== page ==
is applied to the following claim in the metadata statement:

  "contacts": "support@org.example.com"

the end result will be the claim:

  "contacts": ["support@org.example.com",
               "support@federation.example.com"]

4.1.5. value

Disregarding what value the claim had, if any, the claims value will be set to what is specified here. As an example, if the claim policy:

  "require_auth_time": {
    "value": true}

is applied to a metadata statement with the claim

  "require_auth_time": false

then the metadata statement will afterwards contain:

  "require_auth_time": true

4.1.6. default

If no value is assigned to this claim, then the claim's value will be set to what is specified here. As an example, if the claim policy:

  "require_auth_time": {
    "default": true }

is applied to a metadata statement with the claim

  "require_auth_time": false

then the metadata statement will afterwards contain:

  "require_auth_time": false

If on the other hand, the metadata statement did not contain a require_auth_time claim then the following claim statement would be added to the metadata statement:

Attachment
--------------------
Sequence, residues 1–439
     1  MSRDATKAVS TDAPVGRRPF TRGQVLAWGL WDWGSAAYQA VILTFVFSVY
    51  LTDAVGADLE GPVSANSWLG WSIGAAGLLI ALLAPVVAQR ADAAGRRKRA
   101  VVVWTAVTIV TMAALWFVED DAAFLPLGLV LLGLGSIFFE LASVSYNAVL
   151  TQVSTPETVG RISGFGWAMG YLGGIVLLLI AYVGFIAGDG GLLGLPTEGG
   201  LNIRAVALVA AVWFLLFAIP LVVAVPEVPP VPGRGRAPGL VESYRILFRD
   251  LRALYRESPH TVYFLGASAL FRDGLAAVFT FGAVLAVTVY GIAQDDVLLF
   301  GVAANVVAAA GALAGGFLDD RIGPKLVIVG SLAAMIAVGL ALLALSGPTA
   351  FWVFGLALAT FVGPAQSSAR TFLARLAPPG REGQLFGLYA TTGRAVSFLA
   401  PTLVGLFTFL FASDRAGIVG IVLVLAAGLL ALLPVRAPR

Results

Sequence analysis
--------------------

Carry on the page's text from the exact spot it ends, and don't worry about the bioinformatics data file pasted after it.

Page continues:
"require_auth_time": true

4.1.7. essential

If 'true' then claim MUST have a value. essential can be combined with all the other types.

  "tos_uri": {
    "essential": true}

The upshot of applying this policy to a metadata statement is that the metadata statement MUST contain such a claim otherwise the metadata statement is incorrect.

4.2. Policy Type Combinations

An entity may use more then one policy type when expressing a policy for a claim. These are the policy types that can be combined in a metadata_policy statement:

essential

Can be combined with all the others. If essential is not present that is the same as stating essential=true.
default

Can be combined with one_of, subset_of and superset_of. If a default policy is combined with one_of, subset_of or superset_of and it is not a subset of the subset_of policy or the one_of policy or a superset of the superset_of policy then an error MUST be raised.
superset_of

Can be combined with subset_of. If subset_of and superset_of both appears in a metadata_policy statement subset_of MUST be a superset of superset_of.
subset_of

Can be combined with superset_of. If superset_of and subset_of both appears in a metadata_policy statement for a claim subset_of MUST be a superset of superset_of.
value

Can be combined with one_of, subset_of and superset_of. Here the order matters. If value appear in a superiors policy statement then the others MUST be ignored. If value are defined by the subordinate then it MUST be a subset of subset_of, superset of superset_of and one of one_of.